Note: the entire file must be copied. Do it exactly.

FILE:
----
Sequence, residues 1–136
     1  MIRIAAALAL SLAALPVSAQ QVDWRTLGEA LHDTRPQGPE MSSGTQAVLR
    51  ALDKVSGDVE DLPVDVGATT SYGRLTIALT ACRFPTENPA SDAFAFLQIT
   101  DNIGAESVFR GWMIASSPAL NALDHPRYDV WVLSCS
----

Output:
Sequence, residues 1–136
     1  MIRIAAALAL SLAALPVSAQ QVDWRTLGEA LHDTRPQGPE MSSGTQAVLR
    51  ALDKVSGDVE DLPVDVGATT SYGRLTIALT ACRFPTENPA SDAFAFLQIT
   101  DNIGAESVFR GWMIASSPAL NALDHPRYDV WVLSCS